silent night

December 24, 2018

Are we gonna be ok? Yes. But this? This is most definitely not ok.
Over the course of three days last week we were to find out that we most likely, and then, finally, that we definitely would be losing our jobs. Immediately. This, considering our lives as foreigners here, means that we are also losing our homes, our community, and our country. We are being instantly uprooted. While this process was in place, we had to go about business “as usual” in our classrooms. I had to cheerily give my normal “See ya later!” as the children filed out of the library, choking on the words and fighting back the tears.
Tears flow readily these days, as I waver wildly from one emotion to the next: gushing a weepy goodbye one moment and snapping argumentatively over a minor complaint the next.
We are in a frightening no mans land, knowing that no one who cares about us is in control anymore. We don’t know when our homes will be repossessed, or whether we will be allowed back into our offices or classrooms on any given day to clean up, and clear out.
Today Peter and I decided to try to get into the school one last time, so that we could consider it done and walk away. I witnessed the library ransacked. I saw the ravages of a space in which anything considered valuable is carted out; all that I had spent years thoughtfully arranging has been left picked over, and strewn about. Shelves I used to agonize over, trying to make all the books fit, are now bare.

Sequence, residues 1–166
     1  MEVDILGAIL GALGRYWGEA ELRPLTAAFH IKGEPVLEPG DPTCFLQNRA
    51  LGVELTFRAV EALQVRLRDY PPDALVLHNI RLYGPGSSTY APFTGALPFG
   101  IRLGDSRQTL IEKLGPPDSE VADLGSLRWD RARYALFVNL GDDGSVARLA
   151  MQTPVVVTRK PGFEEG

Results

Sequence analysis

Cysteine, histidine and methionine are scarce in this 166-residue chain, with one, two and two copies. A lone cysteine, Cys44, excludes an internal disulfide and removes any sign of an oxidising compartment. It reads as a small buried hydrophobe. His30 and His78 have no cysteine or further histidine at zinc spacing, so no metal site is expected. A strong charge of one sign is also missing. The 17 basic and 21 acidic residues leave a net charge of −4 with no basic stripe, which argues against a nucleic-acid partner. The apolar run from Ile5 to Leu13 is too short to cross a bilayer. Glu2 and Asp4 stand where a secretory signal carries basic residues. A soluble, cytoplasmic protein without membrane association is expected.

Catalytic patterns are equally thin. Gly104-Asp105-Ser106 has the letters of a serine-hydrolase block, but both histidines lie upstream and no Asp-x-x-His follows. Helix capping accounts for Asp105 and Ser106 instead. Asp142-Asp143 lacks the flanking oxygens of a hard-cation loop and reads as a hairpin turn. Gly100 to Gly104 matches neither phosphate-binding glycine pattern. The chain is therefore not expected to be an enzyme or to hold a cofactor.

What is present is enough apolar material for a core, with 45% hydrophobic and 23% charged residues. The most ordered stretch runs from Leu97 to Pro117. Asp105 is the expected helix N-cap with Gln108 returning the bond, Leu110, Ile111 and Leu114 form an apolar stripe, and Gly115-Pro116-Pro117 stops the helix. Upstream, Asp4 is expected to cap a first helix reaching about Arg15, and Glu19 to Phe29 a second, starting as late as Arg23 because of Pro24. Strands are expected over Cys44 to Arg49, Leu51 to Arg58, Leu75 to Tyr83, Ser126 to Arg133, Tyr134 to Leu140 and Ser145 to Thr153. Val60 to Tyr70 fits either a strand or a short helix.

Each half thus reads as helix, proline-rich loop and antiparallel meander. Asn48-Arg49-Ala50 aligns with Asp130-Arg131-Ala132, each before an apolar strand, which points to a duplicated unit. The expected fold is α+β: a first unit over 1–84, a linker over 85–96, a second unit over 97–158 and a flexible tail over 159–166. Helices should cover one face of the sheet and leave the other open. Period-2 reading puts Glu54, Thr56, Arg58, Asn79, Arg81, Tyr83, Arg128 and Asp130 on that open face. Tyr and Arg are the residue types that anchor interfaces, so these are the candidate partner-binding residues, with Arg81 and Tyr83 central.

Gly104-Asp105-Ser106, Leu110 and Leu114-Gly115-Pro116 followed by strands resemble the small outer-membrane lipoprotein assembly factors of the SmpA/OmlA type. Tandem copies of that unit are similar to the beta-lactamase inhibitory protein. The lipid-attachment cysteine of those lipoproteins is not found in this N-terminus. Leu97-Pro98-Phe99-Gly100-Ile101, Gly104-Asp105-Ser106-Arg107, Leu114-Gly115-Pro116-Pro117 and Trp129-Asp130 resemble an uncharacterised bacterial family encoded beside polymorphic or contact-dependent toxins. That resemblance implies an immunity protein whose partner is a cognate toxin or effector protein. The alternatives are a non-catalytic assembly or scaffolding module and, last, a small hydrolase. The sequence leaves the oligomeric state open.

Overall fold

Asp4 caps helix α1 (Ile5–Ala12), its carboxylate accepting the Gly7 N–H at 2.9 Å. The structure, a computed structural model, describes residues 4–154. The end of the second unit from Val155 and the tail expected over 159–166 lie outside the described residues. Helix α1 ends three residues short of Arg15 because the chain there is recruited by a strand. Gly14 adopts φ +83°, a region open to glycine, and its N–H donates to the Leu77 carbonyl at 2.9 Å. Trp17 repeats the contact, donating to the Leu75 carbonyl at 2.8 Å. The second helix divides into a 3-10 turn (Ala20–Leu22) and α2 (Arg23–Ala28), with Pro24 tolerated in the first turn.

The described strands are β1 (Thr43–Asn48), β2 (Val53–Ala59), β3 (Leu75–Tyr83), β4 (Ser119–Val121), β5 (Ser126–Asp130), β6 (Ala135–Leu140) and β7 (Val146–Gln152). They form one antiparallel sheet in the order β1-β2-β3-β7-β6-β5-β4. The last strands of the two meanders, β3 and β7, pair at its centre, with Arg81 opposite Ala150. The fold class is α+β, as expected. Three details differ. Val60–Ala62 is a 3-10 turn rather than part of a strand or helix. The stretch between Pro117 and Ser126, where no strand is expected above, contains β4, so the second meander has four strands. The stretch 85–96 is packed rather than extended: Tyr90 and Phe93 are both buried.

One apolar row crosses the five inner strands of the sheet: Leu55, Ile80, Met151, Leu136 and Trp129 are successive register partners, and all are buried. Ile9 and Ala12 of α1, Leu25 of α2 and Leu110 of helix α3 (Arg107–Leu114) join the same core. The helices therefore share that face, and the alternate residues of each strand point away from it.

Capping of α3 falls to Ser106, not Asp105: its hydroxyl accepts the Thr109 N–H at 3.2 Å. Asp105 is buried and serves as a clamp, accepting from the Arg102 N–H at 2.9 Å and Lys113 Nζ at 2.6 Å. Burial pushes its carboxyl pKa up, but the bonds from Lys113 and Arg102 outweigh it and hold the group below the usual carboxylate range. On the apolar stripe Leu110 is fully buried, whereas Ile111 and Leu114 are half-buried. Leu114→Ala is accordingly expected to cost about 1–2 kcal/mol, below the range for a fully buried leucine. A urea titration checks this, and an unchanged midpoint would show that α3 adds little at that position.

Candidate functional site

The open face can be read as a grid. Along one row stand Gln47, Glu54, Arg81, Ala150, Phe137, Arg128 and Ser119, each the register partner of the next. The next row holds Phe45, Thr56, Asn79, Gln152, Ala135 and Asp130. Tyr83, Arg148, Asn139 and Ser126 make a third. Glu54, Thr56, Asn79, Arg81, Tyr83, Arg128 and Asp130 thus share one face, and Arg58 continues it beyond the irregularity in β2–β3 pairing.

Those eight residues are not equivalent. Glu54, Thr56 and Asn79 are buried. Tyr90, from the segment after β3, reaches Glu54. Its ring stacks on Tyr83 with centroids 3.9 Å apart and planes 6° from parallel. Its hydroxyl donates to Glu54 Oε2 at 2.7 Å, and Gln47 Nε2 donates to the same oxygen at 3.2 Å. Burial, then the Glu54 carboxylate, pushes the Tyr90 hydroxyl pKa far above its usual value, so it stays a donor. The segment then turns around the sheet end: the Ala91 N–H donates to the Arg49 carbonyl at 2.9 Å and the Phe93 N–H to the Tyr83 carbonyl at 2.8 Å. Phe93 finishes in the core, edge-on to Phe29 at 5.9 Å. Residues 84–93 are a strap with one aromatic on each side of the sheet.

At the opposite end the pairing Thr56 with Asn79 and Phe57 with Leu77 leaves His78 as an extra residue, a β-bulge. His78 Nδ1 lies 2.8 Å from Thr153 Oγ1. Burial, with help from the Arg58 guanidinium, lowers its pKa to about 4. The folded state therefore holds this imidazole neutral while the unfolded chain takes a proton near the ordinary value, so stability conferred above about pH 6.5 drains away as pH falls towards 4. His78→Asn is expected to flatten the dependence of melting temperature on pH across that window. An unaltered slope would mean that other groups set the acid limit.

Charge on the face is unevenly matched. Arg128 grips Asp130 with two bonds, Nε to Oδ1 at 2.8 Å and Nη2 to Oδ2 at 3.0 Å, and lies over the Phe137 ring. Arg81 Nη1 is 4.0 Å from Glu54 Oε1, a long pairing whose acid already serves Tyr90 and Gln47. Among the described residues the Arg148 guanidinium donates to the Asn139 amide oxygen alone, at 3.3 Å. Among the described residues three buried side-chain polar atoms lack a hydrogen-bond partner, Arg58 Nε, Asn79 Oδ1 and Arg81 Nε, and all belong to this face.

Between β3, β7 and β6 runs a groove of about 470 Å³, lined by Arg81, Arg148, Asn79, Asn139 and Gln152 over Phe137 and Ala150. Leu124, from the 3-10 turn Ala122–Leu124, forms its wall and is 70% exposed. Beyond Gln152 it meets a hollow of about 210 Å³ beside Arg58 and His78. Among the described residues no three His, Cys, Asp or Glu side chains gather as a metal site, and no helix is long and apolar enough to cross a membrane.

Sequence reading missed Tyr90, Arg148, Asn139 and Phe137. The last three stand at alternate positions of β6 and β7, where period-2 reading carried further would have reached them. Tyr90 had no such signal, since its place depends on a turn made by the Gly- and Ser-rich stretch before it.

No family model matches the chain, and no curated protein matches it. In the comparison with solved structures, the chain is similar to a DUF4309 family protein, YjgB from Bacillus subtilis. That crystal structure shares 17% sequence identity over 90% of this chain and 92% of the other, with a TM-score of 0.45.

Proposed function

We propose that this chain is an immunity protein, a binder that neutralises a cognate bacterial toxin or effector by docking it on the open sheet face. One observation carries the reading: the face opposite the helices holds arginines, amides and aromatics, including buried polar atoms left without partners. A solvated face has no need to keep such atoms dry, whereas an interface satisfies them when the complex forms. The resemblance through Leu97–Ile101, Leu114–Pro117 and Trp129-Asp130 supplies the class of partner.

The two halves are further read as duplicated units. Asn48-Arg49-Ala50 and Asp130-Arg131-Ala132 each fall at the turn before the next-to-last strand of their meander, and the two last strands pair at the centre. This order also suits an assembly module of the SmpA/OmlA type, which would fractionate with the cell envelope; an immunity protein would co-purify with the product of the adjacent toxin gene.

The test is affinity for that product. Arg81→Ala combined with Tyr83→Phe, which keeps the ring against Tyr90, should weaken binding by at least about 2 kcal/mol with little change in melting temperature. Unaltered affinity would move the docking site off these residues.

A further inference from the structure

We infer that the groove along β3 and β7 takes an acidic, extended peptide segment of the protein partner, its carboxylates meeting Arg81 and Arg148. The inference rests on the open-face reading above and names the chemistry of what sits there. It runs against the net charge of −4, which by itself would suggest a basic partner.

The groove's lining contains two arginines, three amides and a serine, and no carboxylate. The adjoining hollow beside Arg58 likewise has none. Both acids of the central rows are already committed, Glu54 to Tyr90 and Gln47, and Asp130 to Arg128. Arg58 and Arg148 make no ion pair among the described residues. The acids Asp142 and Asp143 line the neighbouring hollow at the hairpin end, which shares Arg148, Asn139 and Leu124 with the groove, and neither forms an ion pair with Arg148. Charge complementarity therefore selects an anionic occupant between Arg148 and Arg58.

I used to remind students each day to use their “spot-a-books”: “Now it’s time to get your spot-a-book, & choose your book. If you decide not to check out that book, your spot-a-book is waiting right there to show you where it goes!” Tell-tale signs of forgotten spot-a-books now litter empty shelves.
We did not linger long. A few possessions collected, then it was enough. We walked back out and told ourselves we’d done what we needed to do, seen what we needed to see. We returned to our home, grateful to be back but too aware of the precarious nature of this respite. It is time to purchase one-way flights, give away possessions, and pack the suitcases that have claimed closet space for years now. It is almost time to say goodbyes. Almost.